August was a tough month for Charles Mullenger, a former U.S. Army captain and St. Louis native. The news that Kabul fell to Taliban forces in Afghanistan triggered feelings of defeat and grief – feelings he knows many U.S. military veterans who served in Afghanistan have felt lately.
“We spent 20 years attempting to build up the Afghan national army and Afghan national/local police, and other security forces, so that they could maintain a solid nation-state moving forward, and it appears now that all [of the evidence] of that hard work vanished when you see the Taliban come in and take over that quickly,” Mullenger says.
Mullenger entered active military duty in 2010 and spent about a year in 2012 and 2013 serving in Afghanistan during Operation Enduring Freedom. In 2015, he was honorably discharged and has since become president and CEO of Ethos Preparedness, an emergency equipment designer and manufacturer based in the metro area.
Although it’s been a couple of months since U.S. troops officially pulled out of Afghanistan and the devastating takeover that followed, Mullenger explains that bleak emotions still weigh heavily on former and current service members and have spurred some individuals, like him, to take action domestically by pivoting their attentions toward Afghan refugees. And as thousands of Afghans are planned to arrive in the U.S. this fall, the long journey of resettling has just begun.
This summer, the Emergency Security Supplemental Appropriations Act, 2021, authorized 8,000 additional Special Immigrant Visas for Afghans, according to the U.S. Department of State.
And according to a joint statement from St. Louis Mayor Tishaura Jones and St. Louis County Executive Sam Page released on Aug. 17, “St. Louis City and St. Louis County together are ready to welcome at least 1,000 Afghan citizens through the SIV program, and we will work with our community partners to support any additional migration to the region by Afghan families and friends to help with reunification efforts.”
Arrey Obenson, the president and CEO of nonprofit organization and resettlement agency International Institute of St. Louis, says his organization is preparing to serve 1,500 cases between Oct. 1, 2021, and Sept. 30, 2022. This means up to 1,000 refugees from around the world may relocate in the metro area, plus an additional 500 who fall under SIV or humanitarian parole status.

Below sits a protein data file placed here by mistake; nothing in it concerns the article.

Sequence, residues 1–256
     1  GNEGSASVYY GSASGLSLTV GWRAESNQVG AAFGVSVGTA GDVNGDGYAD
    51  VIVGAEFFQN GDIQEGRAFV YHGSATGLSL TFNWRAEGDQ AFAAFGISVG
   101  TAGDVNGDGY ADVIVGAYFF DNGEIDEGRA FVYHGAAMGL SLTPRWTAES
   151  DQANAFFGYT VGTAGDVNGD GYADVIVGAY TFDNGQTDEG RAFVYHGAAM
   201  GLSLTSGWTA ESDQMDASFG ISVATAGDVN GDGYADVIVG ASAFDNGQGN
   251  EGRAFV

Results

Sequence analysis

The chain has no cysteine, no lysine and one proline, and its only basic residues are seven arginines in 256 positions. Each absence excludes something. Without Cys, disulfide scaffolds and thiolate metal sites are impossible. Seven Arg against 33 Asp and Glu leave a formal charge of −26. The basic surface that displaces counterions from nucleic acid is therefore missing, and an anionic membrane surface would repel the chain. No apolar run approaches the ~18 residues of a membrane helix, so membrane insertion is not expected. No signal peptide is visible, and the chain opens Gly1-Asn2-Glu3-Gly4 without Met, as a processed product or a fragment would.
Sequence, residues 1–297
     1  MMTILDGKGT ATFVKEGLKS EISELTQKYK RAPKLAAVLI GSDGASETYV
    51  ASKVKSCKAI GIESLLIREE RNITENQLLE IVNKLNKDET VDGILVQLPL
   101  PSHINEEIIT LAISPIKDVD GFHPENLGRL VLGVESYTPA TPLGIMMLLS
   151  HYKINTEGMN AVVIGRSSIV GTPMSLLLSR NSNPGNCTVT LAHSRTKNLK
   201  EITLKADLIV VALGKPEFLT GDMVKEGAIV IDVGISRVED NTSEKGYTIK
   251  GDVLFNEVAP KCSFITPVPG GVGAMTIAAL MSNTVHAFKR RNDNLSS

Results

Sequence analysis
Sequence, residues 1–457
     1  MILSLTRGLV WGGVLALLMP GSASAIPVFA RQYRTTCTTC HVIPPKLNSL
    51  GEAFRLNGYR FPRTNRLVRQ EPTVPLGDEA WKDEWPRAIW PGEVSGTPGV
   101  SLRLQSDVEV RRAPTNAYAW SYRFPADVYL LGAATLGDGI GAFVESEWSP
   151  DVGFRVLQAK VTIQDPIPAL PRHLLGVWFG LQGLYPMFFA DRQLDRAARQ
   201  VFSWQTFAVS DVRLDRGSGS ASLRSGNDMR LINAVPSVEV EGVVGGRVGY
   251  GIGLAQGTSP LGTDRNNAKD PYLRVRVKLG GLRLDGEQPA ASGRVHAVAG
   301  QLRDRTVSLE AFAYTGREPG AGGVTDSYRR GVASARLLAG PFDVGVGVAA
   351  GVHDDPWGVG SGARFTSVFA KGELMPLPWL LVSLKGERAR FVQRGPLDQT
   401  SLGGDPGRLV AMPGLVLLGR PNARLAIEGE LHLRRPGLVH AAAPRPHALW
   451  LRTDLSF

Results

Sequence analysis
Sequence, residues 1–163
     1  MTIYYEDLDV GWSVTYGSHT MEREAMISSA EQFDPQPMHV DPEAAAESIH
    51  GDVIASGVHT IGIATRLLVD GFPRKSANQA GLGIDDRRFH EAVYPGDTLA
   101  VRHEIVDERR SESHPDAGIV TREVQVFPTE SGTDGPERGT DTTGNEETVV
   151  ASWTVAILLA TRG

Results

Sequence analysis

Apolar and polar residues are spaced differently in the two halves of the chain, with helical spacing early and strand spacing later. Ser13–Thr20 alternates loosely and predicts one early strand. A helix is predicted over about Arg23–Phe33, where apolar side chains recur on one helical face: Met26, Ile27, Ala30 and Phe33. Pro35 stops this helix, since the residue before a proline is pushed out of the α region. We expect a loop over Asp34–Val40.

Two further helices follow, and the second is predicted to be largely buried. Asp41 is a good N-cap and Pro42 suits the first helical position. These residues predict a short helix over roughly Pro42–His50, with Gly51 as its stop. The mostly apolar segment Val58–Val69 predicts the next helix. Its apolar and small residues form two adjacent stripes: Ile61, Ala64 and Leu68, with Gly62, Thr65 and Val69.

On realizing that many Afghans would seek refuge in the U.S., Mullenger reached out to IISTL and connected with Obenson, who encouraged Mullenger to start a fundraiser with a $250,000 donation goal.
“These unprecedented times call for extraordinary measures, and I’m glad to see that the veterans are standing up to support us under the leadership of Charles Mullenger,” Obenson says in a video about Mullenger’s efforts. “Your support will determine how we welcome our new neighbors to this community.”
IISTL has resettled at least 24,645 refugees from around the world, including Afghanistan, since becoming a resettlement agency in 1979, says Carrie Brickey, IISTL senior community relations specialist, in an email.
Obenson says that staff typically get at least a week’s notice from the U.S. Committee for Refugees and Immigrants before a refugee arrives here, but with an unprecedented number of Afghans coming in addition to the normal flow of refugees, now staffers might only have a day or two to prepare.
New arrivals depend on the resettlement agency’s staff and volunteers to meet them at the airport, bring them to a safe home, connect them with schools and jobs and ultimately help them adjust to life in a new country. The first 90 days are critical, but IISTL offers continued support to refugees for up to five years.
“We do more than just resettlement, and we mobilize the community to participate in more than just resettlement,” Obenson says. “We are welcoming the Afghans now, but they are going to be part of this community, and we need to welcome them, we need to walk with them, we need to run with them, we need to see them fly and achieve their greatest potential. That will not happen in three months.”
As of Oct. 29, Mullenger’s fundraiser for IISTL had amassed $51,690 through a campaign on gofundme.com. He says the money will help pay for the organization’s transportation costs, household goods and furnishings, and increased staffing.
Mullenger emphasizes there are many other veterans doing similar work, which has ignited “a new sense of purpose for many of us to help support those who are looking to get out [of Afghanistan], specifically our interpreters, our partners, those who worked side by side with us.”
IISTL’s website lists numerous ways for people to get involved in supporting refugees, including participating in the Race 4 Refugees in Tower Grove Park on Nov. 20. Additionally, other locally based nonprofits like Oasis International Ministries and House of Goods Baitulmal accept monetary and in-kind donations, which benefit refugees.
Obenson hopes more people will commit to recurring monthly donations to help provide sustainable support to refugees over the next few years. He adds that St. Louisans and other metro area residents have already shown tremendous generosity, supplying so many in-kind donations that the organization had to pause drop-off donations.
“I never knew that the community was as deeply committed and engaged as they have been with the Afghan refugee crisis,” Obenson adds. “We will do our best at the International Institute, but we largely depend on the community …It takes a village to build a welcoming community.”
International Institute of St. Louis, 3401 Arsenal St., St. Louis, 314-773-9090, iistl.org